By Noris Burkes Dec 20, 2020
In 2015, the British supermarket company, Tesco, posted a job opening for a “Christmas Light Untangler.”
Yup. Apparently, the lucky hire ran the store’s “Christmas Lights Detangling stand.” Tesco provided the free service as a place where customers brought miles of tree lights to be professionally detangled.
Oh, how I wish there was a professional disentangler to help make sense of the messy maze of Christmas 2020.
This decade opened with a raging virus and a hot election contest. Now, Christmas may be the most jumbled, tangled and twisted we’ve ever known. It’s no wonder the medical journals report mild depression rates as much as three times higher than pre-pandemic levels.
That’s why I take this opportunity to suggest a few ideas that may help detangle this very twisted COVID-19 Christmas.
Hug Each Other
Before this pandemic, I must confess I hurried out of the house either to work or some appointment with just a quick goodbye kiss for my wife.
But now, I quietly slip out of bed nearly every morning and go downstairs. An hour later, I hear her coming down the stairs where we rendezvous on the bottom step. Given our 10-inch height difference it’s the perfect place to have an extended hug in her just-out-of-bed-warm furry robe.
If you have a pet, you can extend your hug time by embracing a friendly dog or cuddling with a purring cat. I don’t have one, but my neighbor lets me hug her dogs, Dobby and Logic.
All hugs count. Virtual ones too. Becky and I set up a TV slide show to run pictures from past Christmas gatherings. Even hugging my body pillow is legitimate “hug time” if it helps me untangle my emotions.
Get hugs where you can, but please, keep them inside your quaran-team for now.
Preserve Normalcy with Routine
Years ago, I took an Air Force survival class where I heard some odd advice. Our instructor told us that if we were ever lost or captured, we should continue the normalcy of brushing our teeth, combing our hair, and shaving.
This quarantine can make you feel like a prisoner. But unlike real POWs, you have choices. You can encourage morale within your pandemic pod by setting routines for sleeping, eating and exercise.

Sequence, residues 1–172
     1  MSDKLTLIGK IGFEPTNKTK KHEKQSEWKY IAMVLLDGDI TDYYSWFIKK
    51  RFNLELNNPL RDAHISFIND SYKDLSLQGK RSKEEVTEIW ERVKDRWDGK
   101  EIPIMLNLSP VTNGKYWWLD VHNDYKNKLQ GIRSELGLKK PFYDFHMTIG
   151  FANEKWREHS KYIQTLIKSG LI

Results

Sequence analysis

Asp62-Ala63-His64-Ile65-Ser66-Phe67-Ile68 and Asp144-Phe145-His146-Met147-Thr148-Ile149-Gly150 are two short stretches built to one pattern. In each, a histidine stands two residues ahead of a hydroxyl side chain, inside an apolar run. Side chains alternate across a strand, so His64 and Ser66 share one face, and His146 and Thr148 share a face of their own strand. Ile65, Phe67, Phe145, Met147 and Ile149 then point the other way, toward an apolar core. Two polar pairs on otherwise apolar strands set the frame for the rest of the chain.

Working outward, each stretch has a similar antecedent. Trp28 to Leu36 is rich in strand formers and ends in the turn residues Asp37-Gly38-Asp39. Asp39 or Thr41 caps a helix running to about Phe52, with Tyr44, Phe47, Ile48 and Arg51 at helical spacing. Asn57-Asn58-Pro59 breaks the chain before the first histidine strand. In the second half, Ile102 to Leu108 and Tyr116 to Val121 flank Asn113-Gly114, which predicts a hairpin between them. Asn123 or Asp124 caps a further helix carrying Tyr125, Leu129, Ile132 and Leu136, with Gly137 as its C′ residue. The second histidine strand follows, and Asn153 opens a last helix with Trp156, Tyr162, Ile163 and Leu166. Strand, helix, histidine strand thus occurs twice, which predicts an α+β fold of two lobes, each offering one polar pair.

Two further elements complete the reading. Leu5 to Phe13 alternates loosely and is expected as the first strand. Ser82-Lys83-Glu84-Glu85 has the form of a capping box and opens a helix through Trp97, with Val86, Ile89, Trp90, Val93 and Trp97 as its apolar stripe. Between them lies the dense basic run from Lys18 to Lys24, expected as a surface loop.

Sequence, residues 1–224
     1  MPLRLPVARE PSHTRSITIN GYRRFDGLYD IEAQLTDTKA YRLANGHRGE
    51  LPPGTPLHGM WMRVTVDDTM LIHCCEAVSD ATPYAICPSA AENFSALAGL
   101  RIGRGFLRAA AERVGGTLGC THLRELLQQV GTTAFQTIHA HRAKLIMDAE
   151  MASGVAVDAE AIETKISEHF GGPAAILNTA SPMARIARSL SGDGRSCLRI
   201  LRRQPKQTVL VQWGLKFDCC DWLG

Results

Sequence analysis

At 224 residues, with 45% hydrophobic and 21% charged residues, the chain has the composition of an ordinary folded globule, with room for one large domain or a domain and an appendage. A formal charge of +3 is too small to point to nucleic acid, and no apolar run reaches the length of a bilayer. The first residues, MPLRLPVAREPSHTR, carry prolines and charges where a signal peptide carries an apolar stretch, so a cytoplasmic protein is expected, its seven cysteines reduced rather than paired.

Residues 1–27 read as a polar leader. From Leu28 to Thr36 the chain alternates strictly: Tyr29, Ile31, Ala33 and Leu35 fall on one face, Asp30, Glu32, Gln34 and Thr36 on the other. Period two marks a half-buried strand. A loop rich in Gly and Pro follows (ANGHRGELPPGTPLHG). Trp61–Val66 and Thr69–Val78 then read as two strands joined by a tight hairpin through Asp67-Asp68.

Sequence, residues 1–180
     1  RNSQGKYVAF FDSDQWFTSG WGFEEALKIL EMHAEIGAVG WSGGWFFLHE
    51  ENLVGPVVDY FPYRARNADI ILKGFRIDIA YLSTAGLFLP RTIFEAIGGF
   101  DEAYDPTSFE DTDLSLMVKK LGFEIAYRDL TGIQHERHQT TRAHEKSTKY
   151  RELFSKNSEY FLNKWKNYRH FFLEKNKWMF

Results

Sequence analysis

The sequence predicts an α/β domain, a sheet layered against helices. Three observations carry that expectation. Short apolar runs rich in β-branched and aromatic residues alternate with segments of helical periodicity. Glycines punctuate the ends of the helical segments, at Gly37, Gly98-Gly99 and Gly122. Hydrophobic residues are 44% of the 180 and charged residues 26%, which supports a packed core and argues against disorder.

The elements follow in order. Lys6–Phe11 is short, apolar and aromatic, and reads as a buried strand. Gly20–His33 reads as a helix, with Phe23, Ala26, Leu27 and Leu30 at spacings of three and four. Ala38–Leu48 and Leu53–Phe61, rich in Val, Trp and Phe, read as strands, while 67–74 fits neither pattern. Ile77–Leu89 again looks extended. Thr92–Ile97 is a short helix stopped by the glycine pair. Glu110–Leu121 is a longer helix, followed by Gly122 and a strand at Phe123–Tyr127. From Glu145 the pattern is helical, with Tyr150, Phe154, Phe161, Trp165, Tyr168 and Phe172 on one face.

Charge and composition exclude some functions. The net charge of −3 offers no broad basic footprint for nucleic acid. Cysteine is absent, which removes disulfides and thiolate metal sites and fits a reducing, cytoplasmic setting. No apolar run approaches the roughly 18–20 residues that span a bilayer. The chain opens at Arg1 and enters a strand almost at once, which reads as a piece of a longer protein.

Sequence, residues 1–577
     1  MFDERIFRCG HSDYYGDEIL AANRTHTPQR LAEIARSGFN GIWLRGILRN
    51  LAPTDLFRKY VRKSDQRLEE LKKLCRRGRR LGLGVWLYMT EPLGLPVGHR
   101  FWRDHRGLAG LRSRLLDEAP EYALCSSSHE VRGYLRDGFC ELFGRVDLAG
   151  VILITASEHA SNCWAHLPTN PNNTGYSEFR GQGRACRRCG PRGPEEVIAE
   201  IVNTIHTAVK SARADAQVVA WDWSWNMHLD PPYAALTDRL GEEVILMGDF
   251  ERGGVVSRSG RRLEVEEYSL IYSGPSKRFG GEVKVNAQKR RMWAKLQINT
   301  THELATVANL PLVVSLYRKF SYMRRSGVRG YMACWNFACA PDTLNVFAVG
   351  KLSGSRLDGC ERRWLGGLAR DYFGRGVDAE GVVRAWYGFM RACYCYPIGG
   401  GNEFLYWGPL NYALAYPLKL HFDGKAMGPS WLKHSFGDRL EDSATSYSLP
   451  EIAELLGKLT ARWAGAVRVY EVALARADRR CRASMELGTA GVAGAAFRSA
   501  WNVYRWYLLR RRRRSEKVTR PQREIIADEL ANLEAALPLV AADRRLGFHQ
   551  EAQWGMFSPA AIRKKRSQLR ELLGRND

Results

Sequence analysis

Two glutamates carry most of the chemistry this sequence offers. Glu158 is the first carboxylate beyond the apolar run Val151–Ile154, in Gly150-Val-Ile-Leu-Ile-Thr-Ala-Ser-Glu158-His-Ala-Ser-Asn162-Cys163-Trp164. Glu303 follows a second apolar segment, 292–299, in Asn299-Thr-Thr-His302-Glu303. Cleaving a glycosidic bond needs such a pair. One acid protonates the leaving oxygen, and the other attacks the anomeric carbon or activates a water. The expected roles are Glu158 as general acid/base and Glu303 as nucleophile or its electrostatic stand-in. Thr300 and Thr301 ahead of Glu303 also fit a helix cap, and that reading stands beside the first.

Dolly Parton recently told CNN that she maintains her normal schedule with a 3 a.m. wake up, prayer and meditation, and writing time. After which, she cooks breakfast in her usual high heels.
Wow! That normal isn’t mine, especially the heels. I keep my normalcy in running shoes.
Normalcy means keeping your holiday rituals as well. Don’t hesitate. Go all out. Untangle the lights, wrap the presents, string the cords, decorate the tree or set up the menorah.
The New Normal might require some innovation. For instance, my wife, Becky, has transformed her annual holiday cookie exchange into a Doorbell Cookie Party. Neighbors and friends are baking cookies again, but this time they are leaving them at the door all during the week.
Untangle the Funk with an Act of Kindness
Last week, a customer at the Dairy Queen drive-thru in Brainerd, Minnesota, committed a random act of kindness by paying for the customer behind him. The unsuspecting recipient repeated the act. And suddenly, in unbroken succession over three days, 900 people paid the tab for the stranger behind them.
Giving can pull you out of the funk. We only further entangle this mess if we spend the quarantine just thinking of ourselves.
That’s why, throughout this crisis, I’ve encouraged those who are able, to increase their charitable giving. This means donating food through your local grocery chain and food pantry. It means giving more to faith-based benevolence funds. At least consider buying local restaurant gift cards. And give to charities who are in risk of failing.
For those who can, let’s step up in a small way and see big things happen., We may suddenly discover a way to help untangle this twisted world and find a brighter place on the other side.
By the way, don’t bother updating your resume for the untangling job. I’ve checked the Tesco job site and they are no longer hiring that position. Perhaps it was because, as the Brits say, someone got “their knickers in a twist.”
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